I stumbled across this gem, where Mieville talks about his inspirations. The interview is somewhat old now, but worth a read.
But it’s stuff on monsters that really stands out.
“I use AD&D-type fascination with teratology in a lot of my books, and I have the original Monster Manual, and the Monster Manual 2, and the Fiend Folio. I still collect role-playing game bestiaries, because I find that kind of fascination with the creation of the monstrous tremendously inspiring, basically. And the golem that you’re talking about in AD&D, it’s very perspicacious of you, because that is directly an influence….One of the things that I love so much about fantasy and science fiction is that the weirdness that it creates is always at its best completely its own end and also metaphorically and symbolically laden. I get very frustrated when I read certain types of magical realism and you end up saying, “Okay, I understand this figure of this golden elf is symbolizing such and such.” The thing about genre fantasy is that it is its own end, but it also does that job of symbolizing. I think about something like Gulliver’s Travels. The figures of the Lilliputians are partly a way for Gulliver to overlook society from a godlike height and to make satirical, symbolic comments, but it’s also, “Hey look, little tiny people! How cool!” I love the idea of golems. It strikes me as a very powerful, imaginative, weird idea. But it’s also an idea that is symbolically fraught and laden, and particularly in a book which is partially about people, politically speaking, people taking control of the fruits of their own labor. So, the golems are both just really cool monsters but also something that functions as part of the political texture of the book.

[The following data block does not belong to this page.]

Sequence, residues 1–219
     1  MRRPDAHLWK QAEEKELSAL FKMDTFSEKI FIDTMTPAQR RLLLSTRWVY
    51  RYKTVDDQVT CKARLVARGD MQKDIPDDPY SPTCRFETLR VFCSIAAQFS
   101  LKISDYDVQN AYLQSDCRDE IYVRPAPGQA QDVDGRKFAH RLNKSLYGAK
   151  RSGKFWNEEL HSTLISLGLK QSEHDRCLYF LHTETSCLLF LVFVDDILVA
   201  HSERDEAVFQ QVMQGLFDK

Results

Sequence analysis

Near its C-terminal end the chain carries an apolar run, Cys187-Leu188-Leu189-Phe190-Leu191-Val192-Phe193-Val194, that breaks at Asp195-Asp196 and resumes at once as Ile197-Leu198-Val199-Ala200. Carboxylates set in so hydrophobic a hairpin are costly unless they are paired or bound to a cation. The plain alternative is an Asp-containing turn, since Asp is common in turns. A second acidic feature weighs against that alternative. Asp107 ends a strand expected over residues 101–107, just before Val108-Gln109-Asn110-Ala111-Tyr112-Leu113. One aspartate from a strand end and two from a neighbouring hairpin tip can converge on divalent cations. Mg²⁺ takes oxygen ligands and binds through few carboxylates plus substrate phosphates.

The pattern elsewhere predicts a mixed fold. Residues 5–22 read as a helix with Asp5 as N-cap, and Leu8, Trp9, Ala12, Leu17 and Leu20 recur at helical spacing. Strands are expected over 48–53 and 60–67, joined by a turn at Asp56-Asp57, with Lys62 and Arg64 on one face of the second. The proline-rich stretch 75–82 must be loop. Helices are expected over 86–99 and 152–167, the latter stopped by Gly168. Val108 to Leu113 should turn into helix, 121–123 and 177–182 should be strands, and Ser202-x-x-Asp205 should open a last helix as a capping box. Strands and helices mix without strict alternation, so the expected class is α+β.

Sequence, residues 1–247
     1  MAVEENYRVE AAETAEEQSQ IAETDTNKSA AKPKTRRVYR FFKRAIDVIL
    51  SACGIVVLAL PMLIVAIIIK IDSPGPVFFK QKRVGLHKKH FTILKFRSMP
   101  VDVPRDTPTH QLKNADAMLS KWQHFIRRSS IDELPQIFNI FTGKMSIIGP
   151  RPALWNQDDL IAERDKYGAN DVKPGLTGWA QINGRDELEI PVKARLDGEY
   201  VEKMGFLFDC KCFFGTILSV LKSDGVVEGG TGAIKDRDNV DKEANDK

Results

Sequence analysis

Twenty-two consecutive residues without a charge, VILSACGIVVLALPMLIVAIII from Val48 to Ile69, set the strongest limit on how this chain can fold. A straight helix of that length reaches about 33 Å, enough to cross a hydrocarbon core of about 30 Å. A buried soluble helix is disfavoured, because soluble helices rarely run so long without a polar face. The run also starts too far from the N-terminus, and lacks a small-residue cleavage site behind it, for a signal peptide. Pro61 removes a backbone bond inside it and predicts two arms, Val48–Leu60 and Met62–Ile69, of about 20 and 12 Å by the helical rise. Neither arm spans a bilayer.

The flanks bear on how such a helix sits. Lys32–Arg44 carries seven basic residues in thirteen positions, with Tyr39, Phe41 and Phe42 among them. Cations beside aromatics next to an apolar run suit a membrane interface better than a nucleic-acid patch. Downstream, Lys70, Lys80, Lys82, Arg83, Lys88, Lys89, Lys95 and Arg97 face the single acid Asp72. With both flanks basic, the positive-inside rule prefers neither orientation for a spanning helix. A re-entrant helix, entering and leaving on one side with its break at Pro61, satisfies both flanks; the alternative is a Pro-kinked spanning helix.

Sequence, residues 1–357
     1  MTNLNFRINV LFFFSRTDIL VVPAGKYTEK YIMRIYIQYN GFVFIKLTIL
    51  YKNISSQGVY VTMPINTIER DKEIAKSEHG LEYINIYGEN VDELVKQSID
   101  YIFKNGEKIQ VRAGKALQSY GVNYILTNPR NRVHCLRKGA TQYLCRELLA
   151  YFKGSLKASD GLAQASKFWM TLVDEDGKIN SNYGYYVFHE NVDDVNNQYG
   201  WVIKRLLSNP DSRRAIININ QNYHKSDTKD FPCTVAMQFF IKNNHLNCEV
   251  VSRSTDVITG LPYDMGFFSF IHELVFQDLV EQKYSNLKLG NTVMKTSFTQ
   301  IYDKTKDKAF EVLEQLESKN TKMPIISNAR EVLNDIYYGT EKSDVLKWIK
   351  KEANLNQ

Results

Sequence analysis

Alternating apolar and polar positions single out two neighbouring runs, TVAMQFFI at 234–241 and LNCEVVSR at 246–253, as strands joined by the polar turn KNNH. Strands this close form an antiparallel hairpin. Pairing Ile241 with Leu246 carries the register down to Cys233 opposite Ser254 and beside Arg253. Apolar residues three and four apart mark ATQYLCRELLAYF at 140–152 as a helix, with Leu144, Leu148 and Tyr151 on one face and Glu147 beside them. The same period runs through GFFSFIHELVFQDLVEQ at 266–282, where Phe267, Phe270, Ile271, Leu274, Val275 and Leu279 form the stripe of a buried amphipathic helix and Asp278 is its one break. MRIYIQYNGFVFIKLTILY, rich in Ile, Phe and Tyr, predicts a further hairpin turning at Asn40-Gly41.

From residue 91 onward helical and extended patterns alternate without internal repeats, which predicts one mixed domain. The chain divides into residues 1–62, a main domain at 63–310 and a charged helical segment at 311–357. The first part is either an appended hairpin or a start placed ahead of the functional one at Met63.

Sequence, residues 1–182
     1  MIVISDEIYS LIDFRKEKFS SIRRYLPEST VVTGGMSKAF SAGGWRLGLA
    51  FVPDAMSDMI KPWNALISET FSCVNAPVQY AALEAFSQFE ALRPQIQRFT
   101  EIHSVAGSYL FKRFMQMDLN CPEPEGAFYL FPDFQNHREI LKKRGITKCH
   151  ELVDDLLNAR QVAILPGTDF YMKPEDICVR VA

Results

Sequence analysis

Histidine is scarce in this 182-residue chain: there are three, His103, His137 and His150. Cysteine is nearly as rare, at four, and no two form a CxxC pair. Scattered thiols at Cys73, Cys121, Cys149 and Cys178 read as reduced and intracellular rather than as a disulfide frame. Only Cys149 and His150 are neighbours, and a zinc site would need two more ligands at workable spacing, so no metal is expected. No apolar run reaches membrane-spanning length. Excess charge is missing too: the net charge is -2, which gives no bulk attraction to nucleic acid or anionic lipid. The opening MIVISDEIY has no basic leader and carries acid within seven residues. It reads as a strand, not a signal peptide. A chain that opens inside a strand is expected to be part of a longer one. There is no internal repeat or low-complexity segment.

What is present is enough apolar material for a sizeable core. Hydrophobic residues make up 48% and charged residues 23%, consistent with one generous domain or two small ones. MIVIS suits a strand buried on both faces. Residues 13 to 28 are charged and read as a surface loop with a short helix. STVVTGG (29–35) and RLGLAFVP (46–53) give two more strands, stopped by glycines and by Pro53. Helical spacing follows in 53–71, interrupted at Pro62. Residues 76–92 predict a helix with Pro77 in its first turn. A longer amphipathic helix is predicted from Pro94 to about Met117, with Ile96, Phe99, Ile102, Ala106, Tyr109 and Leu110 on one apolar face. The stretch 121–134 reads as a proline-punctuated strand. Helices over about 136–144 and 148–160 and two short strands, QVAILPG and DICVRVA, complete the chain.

I’m in this fucking business for the monsters. The monsters are the main thing that I love about the fantastic. And unfortunately, you can’t really sell books of monsters to publishers. They insist on stories linking them.”